|4th generation Tuskegee alumni, Homecoming weekend '15|
We watched the forecast all week. Stared at it with squinted eyes and heads cocked sideways hoping that such gestures might change what it said: 100% chance of rain.
And that, that is, a sho nuff prediction of rain-rain-and-more-rain was the exact opposite of what you wanted to hear about the week before one of your favorite outdoor events of the year. Yep. No matter which device, website, or app you looked at it on, the results came up the same. It was pretty much a guarantee that homecoming weekend at Tuskegee University, my Alabama-based alma mater, was about to have a very wet blanket thrown over it.
Rain isn't unusual in these parts this or any time of year. I mean, Tuskegee is only 2 hours south of Atlanta, and everyone knows that Atlanta can get its share of precipitation. But for whatever reason, to my recollection in the over twenty five years that I've been attending the game (my first being in 1987 as a high school student) it has never once really, truly rained on our game.
Not even kidding.
Had the weather channel promised monsoons before? Sure. Had there been years where we felt a dribble-drop or two in the hours leading up to our time in the Alumni Bowl and in the hours after? No doubt. Had we even been blasted with a cold front or melted down by a nonatumnal heat wave on other years? Without question. But rain? Like the kind of straight up downpour that forces you inside and keeps you from reconnecting with all of the familiar faces that you've been longing to see? Never. As in not ever.
At least, that I can remember.
And so. We all kept our plans in spite of what those meteorologists admonished. In our minds, we knew that Mother Nature had some unspoken deal with our school that she wouldn't rain on our parade--or our homecoming game. Because for so many years she hadn't. So folks didn't cancel or back out. They rolled with it, fingers crossed and umbrellas tucked down in purses.
And you know what? It didn't rain. That is, it didn't rain on the parade or the game. Sure, we had a light drizzle come in for a moment or two but nothing even close to what had been predicted all week long.
So, yeah. Everything about the weekend was amazing. People were super relaxed since they'd been bracing themselves for inclement weather. Clothes were casual and attitudes easy. The hugs were enormous, the energy was festive, and all of it was like the big, beautiful, multigenerational family reunion that it always is. But better for some reason. I even broke two separate pairs of earrings from over-exuberant embraces with old friends.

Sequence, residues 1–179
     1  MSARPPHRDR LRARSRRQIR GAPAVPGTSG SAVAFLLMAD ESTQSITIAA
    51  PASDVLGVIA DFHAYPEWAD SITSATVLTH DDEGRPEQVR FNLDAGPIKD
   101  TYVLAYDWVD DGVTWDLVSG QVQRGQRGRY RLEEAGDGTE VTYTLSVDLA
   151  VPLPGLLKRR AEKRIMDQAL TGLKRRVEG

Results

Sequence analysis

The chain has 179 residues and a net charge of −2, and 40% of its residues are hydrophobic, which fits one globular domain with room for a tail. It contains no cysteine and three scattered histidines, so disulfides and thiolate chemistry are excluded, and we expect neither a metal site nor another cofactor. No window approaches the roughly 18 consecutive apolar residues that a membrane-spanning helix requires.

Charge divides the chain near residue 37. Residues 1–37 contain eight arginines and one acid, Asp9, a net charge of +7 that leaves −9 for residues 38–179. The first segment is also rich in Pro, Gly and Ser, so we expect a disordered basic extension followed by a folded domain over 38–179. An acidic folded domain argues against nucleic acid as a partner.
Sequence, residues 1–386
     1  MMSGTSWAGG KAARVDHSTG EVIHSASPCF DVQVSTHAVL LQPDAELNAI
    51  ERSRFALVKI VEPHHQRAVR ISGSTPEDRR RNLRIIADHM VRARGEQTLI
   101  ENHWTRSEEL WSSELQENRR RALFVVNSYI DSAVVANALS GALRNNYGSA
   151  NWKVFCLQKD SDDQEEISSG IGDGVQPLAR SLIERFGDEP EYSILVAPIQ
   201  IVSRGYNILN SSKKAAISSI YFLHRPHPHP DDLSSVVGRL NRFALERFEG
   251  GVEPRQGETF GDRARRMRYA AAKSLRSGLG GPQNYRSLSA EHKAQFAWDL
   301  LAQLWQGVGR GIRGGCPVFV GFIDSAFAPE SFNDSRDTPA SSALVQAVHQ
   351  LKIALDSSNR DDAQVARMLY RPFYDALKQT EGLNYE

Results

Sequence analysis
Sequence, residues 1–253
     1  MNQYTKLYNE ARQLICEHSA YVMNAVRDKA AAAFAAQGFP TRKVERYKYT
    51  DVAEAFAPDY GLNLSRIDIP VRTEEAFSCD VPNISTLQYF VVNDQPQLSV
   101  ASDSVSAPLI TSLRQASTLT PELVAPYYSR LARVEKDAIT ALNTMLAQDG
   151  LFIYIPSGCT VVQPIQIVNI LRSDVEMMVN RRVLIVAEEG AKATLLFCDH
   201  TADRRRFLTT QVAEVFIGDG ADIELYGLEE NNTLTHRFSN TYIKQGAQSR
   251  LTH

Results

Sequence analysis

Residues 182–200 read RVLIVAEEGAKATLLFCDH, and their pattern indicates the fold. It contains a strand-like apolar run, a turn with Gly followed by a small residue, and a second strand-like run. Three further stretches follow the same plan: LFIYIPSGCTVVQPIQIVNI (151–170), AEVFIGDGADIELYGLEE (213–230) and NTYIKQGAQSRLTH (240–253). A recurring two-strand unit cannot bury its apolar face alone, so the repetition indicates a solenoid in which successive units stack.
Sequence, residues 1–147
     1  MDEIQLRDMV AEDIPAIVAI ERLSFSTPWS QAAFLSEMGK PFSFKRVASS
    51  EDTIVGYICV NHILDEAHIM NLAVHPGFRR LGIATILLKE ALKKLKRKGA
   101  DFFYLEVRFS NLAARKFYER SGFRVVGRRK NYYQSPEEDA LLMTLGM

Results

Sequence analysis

Not even kidding.
At the end of it all, many of us said it was among the very best homecoming weekends we'd ever had at Tuskegee.
Social media was flooded with photos. Pictures of arms slung over shoulders and laughter. Some of us with a few more grey hairs and a few more pounds than we'd had as collegiates but happy nonetheless. The sounds and images are imprinted in my brain and heart. Sorority and fraternity songs ringing out all across the campus and fists held proudly to the overcast sky, singing our fight song to the loud brass of our band. All of it familiar and light. Beautiful and celebratory. And perfect.
We basked in all of it in the days that followed. Funny messages to one another and "remember when" stories. Sad-dish commentary from those who couldn't make the pilgrimage this year followed by vows to never let it happen again. Virtual hugs from those who did make it, promising those comrades that they'd get together soon. Sure, the clouds hung low on game day but no, we did not get that rain. Mother Nature had smiled once again.
Just like always.
But then something happened. In the midst of all of this beauty, someone--a man who was not a former Tuskegee or HBCU (historically black college and university) student--came down and left with a story for a newspaper and blog. He took pictures of students and alumni imbibing and doing things that, okay, probably wouldn't be done in front of grandmothers but the kinds of things that do happen at such games. This man, who wasn't of color or too familiar with HBCU culture, misinterpreted words to songs and analyzed some of the zealous chants that happen in the stands. And with it, he put on the newspaper headline, a big picture of a former student drinking from a glass bottle of rum and splashed above it this title:
"STRAIT OUTTA 'SKEGEE."